So where were you snowed-in a decade ago? This weekend marks the 10th anniversary of the Blizzard of 1996, ranked by some winter weather experts as the second-worst snowstorm ever to strike the Northeast in modern times. Also remembered as the "Great Furlough Storm," the north'easter buried portions of Maryland under 3 to 4 feet of snow. Baltimore clocked 26.6 inches over three days at BWI. It set three daily snowfall records that still stand - 15.8 inches on the 7th; 6.7 inches on the 8th; and 4.1 inches on the 9th of January. Another 6 inches fell on Jan. 12, also a record for the date.
The blizzard was actually a succession of storms. And it was followed a week later by a 3-inch rainfall that melted all the accumulated snow and ice, causing flooding on the Potomac and Susquehanna rivers. Authorities on the Susquehanna were forced to open the floodgates at Conowingo Dam, leading to flooding at Port Deposit.
Click here to read more about this famous storm and others that struck the region in the past two centuries.
And here's how The Sun's Scott Higham (and a list of other reporters who, unlike myself, made it to work that day) reported on the first day of the storm, for the Jan. 8, 1996 editions:
One of the biggest winter storms of the century slammed into Maryland
yesterday, paralyzing the state with a blinding mix of fast-falling snow and
ferocious winds that could turn this morning's commute into a slow, agonizing
If there's a commute at all.
Motorists were expected to face nearly 2 feet of powdery snow. Forecasters
say the snow, driven by winds with gusts topping 30 mph, will make it tough --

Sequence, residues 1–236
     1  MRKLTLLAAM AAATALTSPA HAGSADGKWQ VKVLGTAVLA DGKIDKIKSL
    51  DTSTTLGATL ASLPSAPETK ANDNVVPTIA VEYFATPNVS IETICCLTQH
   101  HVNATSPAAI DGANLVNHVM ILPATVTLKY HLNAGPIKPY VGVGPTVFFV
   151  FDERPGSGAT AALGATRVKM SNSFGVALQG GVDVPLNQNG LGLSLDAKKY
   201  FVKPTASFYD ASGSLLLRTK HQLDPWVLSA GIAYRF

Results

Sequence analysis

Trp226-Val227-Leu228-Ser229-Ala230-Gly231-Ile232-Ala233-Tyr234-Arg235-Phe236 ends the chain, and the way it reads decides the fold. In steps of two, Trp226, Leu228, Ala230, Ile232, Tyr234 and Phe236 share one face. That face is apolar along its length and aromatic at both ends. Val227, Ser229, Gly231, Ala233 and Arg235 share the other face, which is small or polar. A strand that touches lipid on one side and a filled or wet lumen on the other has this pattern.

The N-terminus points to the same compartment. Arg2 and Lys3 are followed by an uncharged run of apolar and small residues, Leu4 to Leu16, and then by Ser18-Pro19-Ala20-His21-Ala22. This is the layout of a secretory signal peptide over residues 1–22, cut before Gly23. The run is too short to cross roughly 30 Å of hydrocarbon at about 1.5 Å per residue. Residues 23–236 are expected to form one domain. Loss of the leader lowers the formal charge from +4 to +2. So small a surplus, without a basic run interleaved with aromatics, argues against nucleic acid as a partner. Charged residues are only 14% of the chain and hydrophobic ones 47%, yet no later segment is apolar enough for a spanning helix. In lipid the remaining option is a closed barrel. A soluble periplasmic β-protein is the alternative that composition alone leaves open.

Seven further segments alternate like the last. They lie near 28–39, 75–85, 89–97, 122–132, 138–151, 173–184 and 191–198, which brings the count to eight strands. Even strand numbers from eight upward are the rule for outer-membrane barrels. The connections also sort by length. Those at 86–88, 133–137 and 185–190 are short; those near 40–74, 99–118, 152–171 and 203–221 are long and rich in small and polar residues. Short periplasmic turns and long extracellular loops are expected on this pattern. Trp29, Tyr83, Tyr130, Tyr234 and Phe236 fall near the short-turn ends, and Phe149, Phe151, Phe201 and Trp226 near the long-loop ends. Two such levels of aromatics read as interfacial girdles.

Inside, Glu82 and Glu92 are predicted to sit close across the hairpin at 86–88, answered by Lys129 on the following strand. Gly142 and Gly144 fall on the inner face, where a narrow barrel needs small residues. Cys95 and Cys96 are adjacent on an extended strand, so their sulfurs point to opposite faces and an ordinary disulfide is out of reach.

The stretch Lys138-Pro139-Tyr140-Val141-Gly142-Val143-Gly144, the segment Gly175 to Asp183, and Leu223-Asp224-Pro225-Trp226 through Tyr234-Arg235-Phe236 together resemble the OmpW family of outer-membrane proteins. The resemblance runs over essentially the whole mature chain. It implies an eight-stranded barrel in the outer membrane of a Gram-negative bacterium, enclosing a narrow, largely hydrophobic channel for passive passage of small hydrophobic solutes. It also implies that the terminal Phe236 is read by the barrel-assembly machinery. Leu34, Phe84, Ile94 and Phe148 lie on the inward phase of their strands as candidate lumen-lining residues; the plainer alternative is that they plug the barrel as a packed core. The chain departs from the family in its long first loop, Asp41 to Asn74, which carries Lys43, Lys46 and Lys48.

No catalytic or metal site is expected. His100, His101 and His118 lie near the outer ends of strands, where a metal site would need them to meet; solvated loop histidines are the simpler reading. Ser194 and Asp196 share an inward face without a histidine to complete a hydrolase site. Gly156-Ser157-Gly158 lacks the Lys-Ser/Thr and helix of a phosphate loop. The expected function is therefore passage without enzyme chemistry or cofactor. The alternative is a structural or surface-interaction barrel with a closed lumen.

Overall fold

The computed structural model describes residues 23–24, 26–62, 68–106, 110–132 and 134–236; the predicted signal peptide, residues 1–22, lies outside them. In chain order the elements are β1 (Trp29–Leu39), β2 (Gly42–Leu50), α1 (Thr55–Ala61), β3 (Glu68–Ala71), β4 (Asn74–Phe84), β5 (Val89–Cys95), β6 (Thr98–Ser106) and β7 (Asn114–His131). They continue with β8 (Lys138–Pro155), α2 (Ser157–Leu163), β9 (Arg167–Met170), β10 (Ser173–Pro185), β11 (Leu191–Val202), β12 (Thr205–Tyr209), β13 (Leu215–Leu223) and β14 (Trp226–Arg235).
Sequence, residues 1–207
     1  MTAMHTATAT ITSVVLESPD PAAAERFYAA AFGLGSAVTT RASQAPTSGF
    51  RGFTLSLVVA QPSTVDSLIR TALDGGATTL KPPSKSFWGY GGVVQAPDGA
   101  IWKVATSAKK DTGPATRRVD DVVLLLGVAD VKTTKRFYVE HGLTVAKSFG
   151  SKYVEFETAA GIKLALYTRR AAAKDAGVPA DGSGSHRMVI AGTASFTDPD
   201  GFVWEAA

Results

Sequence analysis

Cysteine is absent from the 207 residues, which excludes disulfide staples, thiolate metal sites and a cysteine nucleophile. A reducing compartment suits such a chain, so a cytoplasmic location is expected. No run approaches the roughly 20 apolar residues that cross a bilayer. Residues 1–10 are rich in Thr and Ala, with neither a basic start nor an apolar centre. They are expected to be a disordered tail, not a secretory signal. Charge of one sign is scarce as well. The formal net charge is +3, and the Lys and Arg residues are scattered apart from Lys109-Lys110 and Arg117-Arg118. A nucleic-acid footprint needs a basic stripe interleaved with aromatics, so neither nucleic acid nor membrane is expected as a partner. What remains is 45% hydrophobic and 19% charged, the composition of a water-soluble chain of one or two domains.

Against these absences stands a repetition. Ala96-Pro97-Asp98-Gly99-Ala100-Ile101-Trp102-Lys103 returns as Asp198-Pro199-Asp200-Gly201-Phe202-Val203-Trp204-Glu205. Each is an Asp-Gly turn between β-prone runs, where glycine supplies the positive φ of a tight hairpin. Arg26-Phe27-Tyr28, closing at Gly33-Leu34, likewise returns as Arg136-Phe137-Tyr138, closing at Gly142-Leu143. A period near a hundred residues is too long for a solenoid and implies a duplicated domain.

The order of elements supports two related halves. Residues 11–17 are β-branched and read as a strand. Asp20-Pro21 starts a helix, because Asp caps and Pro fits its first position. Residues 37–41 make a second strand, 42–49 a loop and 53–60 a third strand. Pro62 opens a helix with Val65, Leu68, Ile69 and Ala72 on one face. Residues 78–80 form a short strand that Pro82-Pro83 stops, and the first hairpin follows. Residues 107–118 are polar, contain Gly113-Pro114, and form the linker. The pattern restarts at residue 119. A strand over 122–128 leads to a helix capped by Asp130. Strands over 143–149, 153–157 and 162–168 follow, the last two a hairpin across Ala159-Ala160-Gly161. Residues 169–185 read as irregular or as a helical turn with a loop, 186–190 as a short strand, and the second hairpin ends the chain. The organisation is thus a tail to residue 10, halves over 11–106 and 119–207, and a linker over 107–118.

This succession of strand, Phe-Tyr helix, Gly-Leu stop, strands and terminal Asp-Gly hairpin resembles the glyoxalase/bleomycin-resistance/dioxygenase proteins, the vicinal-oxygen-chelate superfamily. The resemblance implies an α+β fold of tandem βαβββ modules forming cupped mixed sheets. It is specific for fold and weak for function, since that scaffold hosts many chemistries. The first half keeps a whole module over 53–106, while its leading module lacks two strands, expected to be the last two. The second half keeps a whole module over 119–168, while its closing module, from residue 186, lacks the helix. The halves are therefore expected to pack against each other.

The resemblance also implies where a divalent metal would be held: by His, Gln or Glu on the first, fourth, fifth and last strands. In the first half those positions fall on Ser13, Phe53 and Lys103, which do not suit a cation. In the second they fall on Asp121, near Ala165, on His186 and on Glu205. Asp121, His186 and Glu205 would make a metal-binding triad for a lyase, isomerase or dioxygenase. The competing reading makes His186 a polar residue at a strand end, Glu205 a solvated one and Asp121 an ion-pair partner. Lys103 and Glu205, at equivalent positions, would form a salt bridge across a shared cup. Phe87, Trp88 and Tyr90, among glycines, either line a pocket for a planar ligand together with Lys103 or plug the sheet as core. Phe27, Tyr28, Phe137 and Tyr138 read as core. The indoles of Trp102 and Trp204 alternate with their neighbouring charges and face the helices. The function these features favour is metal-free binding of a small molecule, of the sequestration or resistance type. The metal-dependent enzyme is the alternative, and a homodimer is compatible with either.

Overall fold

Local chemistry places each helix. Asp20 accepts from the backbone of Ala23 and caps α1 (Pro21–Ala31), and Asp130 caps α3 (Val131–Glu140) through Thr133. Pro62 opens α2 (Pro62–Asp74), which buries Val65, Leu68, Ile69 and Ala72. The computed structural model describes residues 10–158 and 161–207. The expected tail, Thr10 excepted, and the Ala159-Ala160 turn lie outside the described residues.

if not impossible -- for plows to keep major highways clear before the first
commuters venture out around dawn.
Deep, drifting snow could keep commuters from reaching their cars, never
mind their jobs.
"The snow will return an hour after the plows leave," said Richard Diener,
a National Weather Service forecaster at Baltimore-Washington International
Airport. "We have a massive, king-size gorilla on our hands."
More snow is forecast to hit the region Thursday or Friday.
The Blizzard of 1996 struck states as far south as Kentucky and moved
north to Philadelphia, Newark and New York. It closed Interstate 65 in
Alabama, choked major highways on the East Coast with small mountains of
drifting snow and stranded thousands of people caught in its wide, white path.
Forecasters say the blizzard dumped 2 inches of snow per hour on Baltimore
yesterday, and it could wind up depositing about 18 inches by the time the
system leaves Maryland today.
The blizzard came close to challenging the record in Baltimore, set in
1922 when 24.7 inches fell on the city. By 10 p.m., 14.8 inches had fallen at
Yesterday's blizzard closed malls and major airports in Maryland. Only two
planes made it out of BWI -- to the warm, sunny climes of Cancun and Puerto
Vallarta in Mexico.
The Meyerhoff Symphony Hall called off two concerts. The Metropolitan
Transit Authority shut down by 3 p.m. Even the Whitetail ski resort in
Southern Pennsylvania closed its slopes.
Cardinal William H. Keeler gave Maryland Catholics permission to stay home
on the Holy Day.
"It really has to get paralyzingly bad to issue an archdiocesewide
closure," said Bill Blaul, a spokesman for the diocese.
The storm became so bad as the day wore on that Gov. Parris N. Glendening
declared a state of emergency, sending the National Guard into the streets to
help clear snow and transport the sick and the elderly to hospitals.
Yesterday afternoon, the National Guard began dispatching ,X all-terrain
military Humvees to help out struggling police and fire departments in
Baltimore and in Baltimore, Howard, Anne Arundel, Frederick, Prince George's
and Washington counties, said Col. Howard S. Freedlander, executive officer of
the Maryland National Guard. The last time the governor declared a state of
emergency in Maryland was during a winter storm in 1993.
Governors in West Virginia and New Jersey also declared states of
"I'm hoping people will use a little bit of common sense," Mr. Glendening
said. "In many ways, the storm is beautiful and can even be fun. But we should